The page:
She was a young mother, not more than 25, and carried an eight-month-old baby girl in a front-facing baby wrap. With her left hand she guided her other daughter towards the Baby Jesus statue in our Book Center yesterday here in Alexandria, Virginia. It was our annual Baby Jesus Party and families were arriving all day to take their pictures with Baby Jesus and shop for books that would feed their spirits. (I heard there is a shortage of Santas this year, but all the children could definitely hear Jesus calling, “Let the children come to me.”)
So many beautiful families yesterday, but while I took a few moments to sit down, it was through this woman that God granted me such a moment of grace.
As they left Baby Jesus, it was the older daughter, maybe about two years of age, who began to cry. Mom dropped down to her knees and put her arm around her daughter and said, “It’s okay.” Then she let her cry if that’s what she needed to do, assuring her every now and then over the next four minutes or so that her tears were okay, gently trying to guess what might be causing her distress.
As we gather near Jesus this Christmas season, we all have moments of tears, wistful memories of what could have been, empty places in our hearts and at our tables…. We, like the little girl, sometimes shed tears, and are unable to explain exactly what they mean or what it is we need. God, like a good mother, says to you, “It’s okay to cry.”
God wraps his arms around you, kneels down to look you right in the eye, and whispers, “It’s okay to feel the way you do.” In a season where we are told we should be happy and nostalgic and romantic and excitedly anticipating sleigh rides “over the mountains and through the hills to grandmother’s house we go….”, it’s more than okay if your heart also carries a weight that is tearing open the veil to eternity from whence comes “the Dawn from on High.”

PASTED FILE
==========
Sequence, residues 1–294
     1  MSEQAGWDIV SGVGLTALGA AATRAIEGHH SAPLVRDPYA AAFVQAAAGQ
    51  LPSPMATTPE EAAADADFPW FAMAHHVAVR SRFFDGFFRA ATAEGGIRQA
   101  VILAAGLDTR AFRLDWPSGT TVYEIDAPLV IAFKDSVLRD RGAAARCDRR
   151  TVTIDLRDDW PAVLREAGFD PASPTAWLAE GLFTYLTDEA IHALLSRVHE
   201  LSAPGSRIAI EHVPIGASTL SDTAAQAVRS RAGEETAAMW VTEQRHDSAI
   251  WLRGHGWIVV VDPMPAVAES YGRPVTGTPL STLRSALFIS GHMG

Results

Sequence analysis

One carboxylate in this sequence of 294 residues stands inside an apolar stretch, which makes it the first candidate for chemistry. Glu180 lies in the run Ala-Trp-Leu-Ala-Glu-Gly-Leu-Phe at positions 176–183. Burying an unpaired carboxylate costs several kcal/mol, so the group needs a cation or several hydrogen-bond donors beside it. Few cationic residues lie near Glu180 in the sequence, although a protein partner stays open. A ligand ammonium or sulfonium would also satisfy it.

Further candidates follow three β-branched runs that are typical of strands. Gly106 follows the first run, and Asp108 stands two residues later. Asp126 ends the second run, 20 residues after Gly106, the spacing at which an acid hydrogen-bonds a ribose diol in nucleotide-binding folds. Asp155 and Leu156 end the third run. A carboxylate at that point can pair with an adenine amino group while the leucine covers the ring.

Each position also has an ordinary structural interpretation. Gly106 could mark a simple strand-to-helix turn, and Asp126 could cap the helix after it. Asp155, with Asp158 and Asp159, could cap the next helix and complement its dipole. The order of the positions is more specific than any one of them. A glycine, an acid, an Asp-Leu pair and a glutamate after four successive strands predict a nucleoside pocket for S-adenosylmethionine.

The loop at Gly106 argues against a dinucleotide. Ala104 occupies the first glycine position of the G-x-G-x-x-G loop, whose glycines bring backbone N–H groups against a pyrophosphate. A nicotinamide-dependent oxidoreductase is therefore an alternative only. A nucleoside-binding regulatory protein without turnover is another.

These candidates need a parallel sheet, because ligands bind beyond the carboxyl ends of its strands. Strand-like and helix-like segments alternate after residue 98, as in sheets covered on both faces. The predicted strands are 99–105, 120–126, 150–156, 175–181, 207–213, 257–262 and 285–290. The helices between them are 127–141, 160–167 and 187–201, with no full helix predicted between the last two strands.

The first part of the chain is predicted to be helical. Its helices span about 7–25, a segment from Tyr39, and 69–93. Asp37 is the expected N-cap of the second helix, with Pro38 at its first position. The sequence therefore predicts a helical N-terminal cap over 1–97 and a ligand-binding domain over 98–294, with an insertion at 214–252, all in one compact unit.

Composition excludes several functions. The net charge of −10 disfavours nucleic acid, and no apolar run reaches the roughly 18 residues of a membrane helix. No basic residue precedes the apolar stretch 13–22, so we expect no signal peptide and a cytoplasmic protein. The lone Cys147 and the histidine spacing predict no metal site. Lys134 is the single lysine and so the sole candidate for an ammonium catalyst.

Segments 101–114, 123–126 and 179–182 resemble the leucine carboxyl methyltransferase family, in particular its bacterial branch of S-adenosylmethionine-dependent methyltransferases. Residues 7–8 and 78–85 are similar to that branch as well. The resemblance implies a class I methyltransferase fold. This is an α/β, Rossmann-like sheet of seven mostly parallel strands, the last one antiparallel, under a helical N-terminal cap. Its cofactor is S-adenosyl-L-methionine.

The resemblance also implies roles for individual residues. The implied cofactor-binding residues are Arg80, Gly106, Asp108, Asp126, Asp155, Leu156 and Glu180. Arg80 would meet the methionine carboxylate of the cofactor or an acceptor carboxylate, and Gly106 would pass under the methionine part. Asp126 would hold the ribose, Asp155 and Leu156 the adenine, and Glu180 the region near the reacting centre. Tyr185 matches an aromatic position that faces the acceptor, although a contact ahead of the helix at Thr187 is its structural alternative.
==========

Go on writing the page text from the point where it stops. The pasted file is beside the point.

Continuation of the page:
So here are three things you can do if along with the sentiments of the season, you also find yourself shedding invisible tears:
- Give yourself the gift of Christmas alone-time just once. Eat your breakfast early one morning in front of your Christmas tree or crêche and just let everything be. Let the season soak in spiritually and emotionally. Let time pass without plans and alarms and getting ready for the next things to be done. No carols, no seasonal expectations, no putting yourself aside to make Christmas for someone else. Just as it takes time and protection from competing stimuli for short-term memories to convert into long-term memories, I believe it takes time and sacred quiet space for our experiences and feelings to sink into our spiritual consciousness and formatively shape who God is creating us to be.
- Do something “Christmassy” with family or friends that doesn’t involve any preparation. This afternoon I walked down to the waterfront here in Old Towne at the end of King Street. The river walk was a quiet place where I enjoyed the families who were out for the day. As I started back up King Street, though, I spontaneously called my dad just to say hi. A street musician was playing Christmas music on the saxophone and he so uplifted my heart! I needed to share it with someone else. Share what uplifts your heart with someone else, or go along with their fun for a few hours.
- Keep your Bible handy and dwell a bit on this passage from the prophet Baruch. If you have a designated prayer time like a turn for Eucharistic Adoration great, but just reading a few verses before you get out of bed each morning or during a coffee break will work just as well. As you read it, pay attention to the feelings this passage arouses in you, any memories, hopes and dreams. Pray the passage with a spirit of gratitude.